South of Indianapolis, along the White River (West Fork), is a small town that, although bypassed now, was a transportation “hot spot” of sorts, and important to the history of Indiana and Indianapolis. That town is Waverly.
Now, Waverly is known as where SR 144 connects SR 37 to Mooresville. But in the early days of the opening of the central part of the state to settlement, the first trail (or trace) in the area ended at the bluffs of White River. That is now the location of Waverly. Jacob Whetzel, of Franklin County, bought some of the first land opened to settlement north of the Indian boundary. In 1817, he set out to blaze a trail from Laurel to the bluffs of the White River, where his new purchase was. This trail, called the Whetzel Trace, was cut in a relatively straight line, almost due east and west.
The Whetzel Trace, had it survived, would have connected its two termini through Andersonville, Shelbyville and Whiteland. Before the Trace disappeared back into the forest of central Indiana, it was used to bring commissioners to the Waverly area in 1820 to determine a location for the new centralized capital of Indiana. The Bluffs were so favored at the time that it was entirely possible that the new capital city would have been located there. Instead, a location one mile east of the mouth of Fall Creek on White River was chosen. (Before you look at a map an argue against this description, trust me. I argued the same thing. Until I saw a map of the original Fall Creek path. But that is a general history subject, not a transportation history subject.)
There is a blog spot entry that I found online at http://fairfield200.blogspot.com/2015/02/whetzels-trace.html. It covers the history of the Whetzels and the Trace very well.
Also in the 1820s, the area around Waverly saw for the first time, and the last, a steamboat making its way up the White River to Indianapolis. Unfortunately, near Waverly on the way back down the river, that steamboat hit one of the numerous sandbars that can be found in the White River. There the “Samuel Hanna” languished for a few months waiting for the water level to rise again enough to get back to sailing. The journey of the Samuel Hanna lead to the realization that Indianapolis was located on a non-navigable waterway, thus killing the possibility of riverboat transport to the remote settlement.
The next important transportation history item involving Waverly was the creation of the Bluff Road. As the name suggests, the Bluff Road connected the bluffs of the White River to Indianapolis. That road started on the south edge of what was Indianapolis at the time, at South Street. It would connect at the main drag, Meridian Street. Further south, it would turn off to the southwest from Meridian Street (at the time, Three Notch Road).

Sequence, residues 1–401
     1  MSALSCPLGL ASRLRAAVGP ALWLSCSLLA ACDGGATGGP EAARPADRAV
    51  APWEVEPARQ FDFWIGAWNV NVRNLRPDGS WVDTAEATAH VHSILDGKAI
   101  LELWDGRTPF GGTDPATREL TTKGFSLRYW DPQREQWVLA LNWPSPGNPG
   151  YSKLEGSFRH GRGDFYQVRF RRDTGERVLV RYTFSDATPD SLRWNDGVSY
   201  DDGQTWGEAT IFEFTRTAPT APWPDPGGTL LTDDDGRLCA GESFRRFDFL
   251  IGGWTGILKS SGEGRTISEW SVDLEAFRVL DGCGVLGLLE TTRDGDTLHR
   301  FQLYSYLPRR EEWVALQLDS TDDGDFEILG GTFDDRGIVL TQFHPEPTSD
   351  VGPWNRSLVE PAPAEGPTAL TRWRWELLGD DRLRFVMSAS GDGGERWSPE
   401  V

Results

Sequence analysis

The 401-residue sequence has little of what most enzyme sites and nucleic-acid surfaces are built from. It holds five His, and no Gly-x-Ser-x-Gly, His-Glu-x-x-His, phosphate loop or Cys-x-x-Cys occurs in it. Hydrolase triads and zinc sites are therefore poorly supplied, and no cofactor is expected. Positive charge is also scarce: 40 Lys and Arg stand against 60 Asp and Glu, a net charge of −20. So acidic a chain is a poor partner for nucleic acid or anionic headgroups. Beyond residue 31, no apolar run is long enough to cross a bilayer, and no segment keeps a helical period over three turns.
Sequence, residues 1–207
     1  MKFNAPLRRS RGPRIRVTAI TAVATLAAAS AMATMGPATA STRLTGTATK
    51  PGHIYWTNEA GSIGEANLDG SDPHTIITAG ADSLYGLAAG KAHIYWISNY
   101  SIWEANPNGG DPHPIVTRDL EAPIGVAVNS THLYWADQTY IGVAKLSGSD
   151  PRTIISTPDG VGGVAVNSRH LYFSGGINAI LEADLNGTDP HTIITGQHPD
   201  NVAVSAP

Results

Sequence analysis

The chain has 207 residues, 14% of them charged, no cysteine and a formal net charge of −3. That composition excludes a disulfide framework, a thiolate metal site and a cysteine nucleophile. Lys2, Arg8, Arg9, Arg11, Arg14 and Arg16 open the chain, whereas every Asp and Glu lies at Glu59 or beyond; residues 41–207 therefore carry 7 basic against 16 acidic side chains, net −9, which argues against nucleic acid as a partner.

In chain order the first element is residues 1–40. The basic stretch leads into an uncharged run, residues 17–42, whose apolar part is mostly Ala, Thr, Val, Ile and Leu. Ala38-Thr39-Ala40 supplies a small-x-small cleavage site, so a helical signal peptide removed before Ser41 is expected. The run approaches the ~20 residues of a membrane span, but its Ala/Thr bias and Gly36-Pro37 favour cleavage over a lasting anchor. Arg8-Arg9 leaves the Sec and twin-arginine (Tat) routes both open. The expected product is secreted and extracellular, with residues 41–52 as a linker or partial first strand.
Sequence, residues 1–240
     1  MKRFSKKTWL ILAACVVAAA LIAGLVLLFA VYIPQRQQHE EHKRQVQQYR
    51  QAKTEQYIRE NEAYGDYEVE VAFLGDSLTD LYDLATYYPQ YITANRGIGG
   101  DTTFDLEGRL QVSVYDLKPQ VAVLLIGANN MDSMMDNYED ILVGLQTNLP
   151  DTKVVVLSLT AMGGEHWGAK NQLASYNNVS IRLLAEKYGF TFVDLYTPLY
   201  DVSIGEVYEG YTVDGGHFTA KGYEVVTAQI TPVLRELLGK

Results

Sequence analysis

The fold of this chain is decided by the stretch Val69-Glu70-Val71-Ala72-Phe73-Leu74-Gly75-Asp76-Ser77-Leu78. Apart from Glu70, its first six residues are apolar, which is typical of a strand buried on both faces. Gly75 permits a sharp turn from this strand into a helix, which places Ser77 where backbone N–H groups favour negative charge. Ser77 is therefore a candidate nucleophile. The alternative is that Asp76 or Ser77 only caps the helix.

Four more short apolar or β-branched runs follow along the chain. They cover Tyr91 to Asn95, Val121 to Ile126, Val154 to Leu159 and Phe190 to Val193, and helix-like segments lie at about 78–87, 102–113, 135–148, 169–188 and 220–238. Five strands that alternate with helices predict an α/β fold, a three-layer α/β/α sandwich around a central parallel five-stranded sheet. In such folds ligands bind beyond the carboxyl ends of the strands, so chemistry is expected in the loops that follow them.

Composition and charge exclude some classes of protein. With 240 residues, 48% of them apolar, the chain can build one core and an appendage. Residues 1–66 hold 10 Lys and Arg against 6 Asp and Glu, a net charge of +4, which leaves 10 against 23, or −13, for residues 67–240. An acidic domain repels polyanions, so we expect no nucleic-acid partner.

In the early 20th Century, the Bluff and Martinsville Roads from Waverly would become part of the path of the Dixie Highway. The Dixie Highway connected northern Michigan and Chicago (two routes, interesting history) to southern Florida. The Dixie Highway was the second brainchild of Greensburg native/Indianapolis resident Carl Graham Fisher. (His first being the Lincoln Highway.)
With the creation of the state highway system, the Dixie Highway through Waverly became part of SR 22. SR 22 would separate from the Dixie Highway at Paoli, where the DH turned to the southeast. North from Waverly, SR 22 would follow the Bluff Road to its end at South and Meridian Streets.
In 1926, SR 22 would be renumbered to SR 37. And “downtown” Waverly would remain on the state highway until 1962. The attached map shows that a SR 37 bypass is being built around Waverly in 1961. The SR 144 shown on this map came into being in 1941, although it had been planned since 1937. SR 144 was to connect Mooresville to Franklin. In actuality, it does. Technically, it does not. SR 144 was never added to the state road system east of Waverly.
There is a road built to connect SR 144 at SR 37 (Waverly) to SR 144 at SR 135 (Bargersville). But that is a county road, never taken into the state system. (Called CR 144, actually.)
The 1962 map shows that SR 37 bypass is complete. SR 144 was disconnected from the new SR 37 for a short while. That would be resolved, at least according to the official maps, the following year.
The next change to Waverly was the building of the SR 144 bypass.
It started with rerouting SR 144 along old SR 37 north out of Waverly, then connecting 144 to new SR 37 at the junction that is currently SR 37 & 144. This was in 1965. It would remain in this configuration until 1970, when a new bridge was completed over the White River north of Waverly.
Looking at the above aerial photo of Waverly, one can still see the old path of SR 144 from the west. The old route of SR 37 is clearly labeled…repeatedly.
But this isn’t the end of the road changes around Waverly. Over the next several years, that SR 37 bypass will be upgraded to become I-69, connecting the Indianapolis area to Evansville via Martinsville and Bloomington. This upgrade will not affect the little old burgh much. That happened over 50 years ago with the moving of SR 37 in the first place.